I think the nature of your activities will depend on the disabilities of the students. I taught in a program where the students were learning life skills. We did vocational activities out in the community, and practiced our community skills. Our academics were all functional, and dealt with issues the students will be facing in a few years: how/when/where to look & apply for jobs. working with money (creating money combinations to pay for stuff; determining change; writing checks & balancing checkbooks, etc).

    I don't teach life skills anymore, but I have fond memories of those days. I had the most amazing, wonderful students.
     
  8. teachersk

    teachersk Connoisseur

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    Oct 30, 2007

    I think that a month of substituting in a Life Skills class will give you the opportunity to work with a group that you have said you would normally not choose to work with. They are wonderful, dear, and inspiring children. They deserve an education and respect just like any other child. I think it'd be a great opportunity for you!
     
  9. SpecialPreskoo

    SpecialPreskoo Moderator

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    Oct 31, 2007

    Life skills to me would be - making a bed, kitchen skills, industry skills (putting nuts on bolts, simple flashlight assembly, putting toothbrush in holders, etc.), any kind of skill that would be needed in life... sorting things etc.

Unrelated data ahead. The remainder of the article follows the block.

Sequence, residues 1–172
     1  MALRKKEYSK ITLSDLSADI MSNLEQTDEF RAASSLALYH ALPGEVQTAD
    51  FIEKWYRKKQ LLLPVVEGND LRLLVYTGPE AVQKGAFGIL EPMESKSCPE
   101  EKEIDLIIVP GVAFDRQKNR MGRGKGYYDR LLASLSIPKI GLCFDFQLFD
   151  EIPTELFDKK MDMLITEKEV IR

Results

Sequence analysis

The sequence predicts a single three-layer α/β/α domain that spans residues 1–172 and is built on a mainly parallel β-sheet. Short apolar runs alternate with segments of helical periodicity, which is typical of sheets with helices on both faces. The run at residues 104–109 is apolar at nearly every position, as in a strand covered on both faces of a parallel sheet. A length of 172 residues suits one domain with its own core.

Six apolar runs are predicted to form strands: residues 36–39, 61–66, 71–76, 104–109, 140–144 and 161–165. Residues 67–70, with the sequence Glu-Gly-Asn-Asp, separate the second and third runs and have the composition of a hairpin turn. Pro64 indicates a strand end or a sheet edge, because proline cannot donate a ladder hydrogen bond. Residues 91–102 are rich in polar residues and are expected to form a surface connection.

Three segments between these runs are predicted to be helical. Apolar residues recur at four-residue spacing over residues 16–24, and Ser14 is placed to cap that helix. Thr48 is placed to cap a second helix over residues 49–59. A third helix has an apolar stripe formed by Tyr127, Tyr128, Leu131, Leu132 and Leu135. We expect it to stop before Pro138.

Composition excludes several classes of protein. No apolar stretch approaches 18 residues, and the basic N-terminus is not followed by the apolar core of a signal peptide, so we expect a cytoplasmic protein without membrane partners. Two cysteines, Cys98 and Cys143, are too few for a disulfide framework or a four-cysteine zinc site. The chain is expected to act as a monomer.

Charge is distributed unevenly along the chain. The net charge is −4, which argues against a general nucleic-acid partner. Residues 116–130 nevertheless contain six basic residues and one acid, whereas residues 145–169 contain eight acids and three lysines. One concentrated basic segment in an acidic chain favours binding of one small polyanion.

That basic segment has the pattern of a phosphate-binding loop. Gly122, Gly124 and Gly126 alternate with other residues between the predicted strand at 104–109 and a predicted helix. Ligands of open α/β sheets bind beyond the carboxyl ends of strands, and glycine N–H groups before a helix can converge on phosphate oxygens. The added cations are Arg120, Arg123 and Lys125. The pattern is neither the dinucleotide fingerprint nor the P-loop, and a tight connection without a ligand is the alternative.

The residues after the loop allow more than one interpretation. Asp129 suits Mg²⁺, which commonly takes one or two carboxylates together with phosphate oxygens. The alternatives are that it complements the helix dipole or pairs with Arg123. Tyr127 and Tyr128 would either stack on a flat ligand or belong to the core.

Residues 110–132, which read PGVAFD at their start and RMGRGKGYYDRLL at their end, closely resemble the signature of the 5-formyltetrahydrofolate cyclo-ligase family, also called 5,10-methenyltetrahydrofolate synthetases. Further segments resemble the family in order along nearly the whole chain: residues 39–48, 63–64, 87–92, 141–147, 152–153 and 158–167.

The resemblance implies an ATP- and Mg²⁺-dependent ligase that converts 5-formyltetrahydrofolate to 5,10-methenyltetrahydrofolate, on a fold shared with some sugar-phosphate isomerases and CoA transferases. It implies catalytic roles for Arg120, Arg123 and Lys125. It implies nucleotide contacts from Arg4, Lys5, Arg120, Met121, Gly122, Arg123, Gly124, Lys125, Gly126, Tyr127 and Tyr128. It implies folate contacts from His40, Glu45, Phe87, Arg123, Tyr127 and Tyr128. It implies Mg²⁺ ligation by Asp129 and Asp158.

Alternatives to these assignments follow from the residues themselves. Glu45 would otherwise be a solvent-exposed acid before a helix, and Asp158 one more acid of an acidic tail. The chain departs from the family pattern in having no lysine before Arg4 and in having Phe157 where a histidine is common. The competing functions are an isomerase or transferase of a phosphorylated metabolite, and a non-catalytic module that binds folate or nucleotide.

10. bcblue

    bcblue Comrade

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    Oct 31, 2007

    If your question is "what exactly is a lifeskills teacher" you'll have to contact the school for details. The term is used in VERY different ways in different places. Even within districts--in my district we have a range of lifeskills class, spanning K-12, and the kids are at quite a few different levels, from just several years behind and working on vocational/community/practical academic/daily living skills (our HS lifeskills kids some of them go to jobs), to functioning at the 3-12 month level and working on very basic communication, motor, and ADLs (which if that isn't a life skill i don't know what is!).
     
  11. ITeachSDCkids

    ITeachSDCkids Rookie

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    Nov 7, 2007

    Sounds unusual as most districts would have explained a bit more. I would talk to the program specialist -did the teacher leave plans or was any curriculum gone over? I would check into it. Maybe you could ask the principal and get into the classroom to check it out. As others have said the term means different things in different districts. We have an 8th grade life skills class for all students that is about career planning, but at the high school the class is centered on workability, job coaching and practical life skiils-balancing check books, cooking, use of public transportation, developing social skills for the work place, etc. I think you will find that special needs students have much to offer, share and even teach you! Good luck! You may be pleasantly surprised by the experience.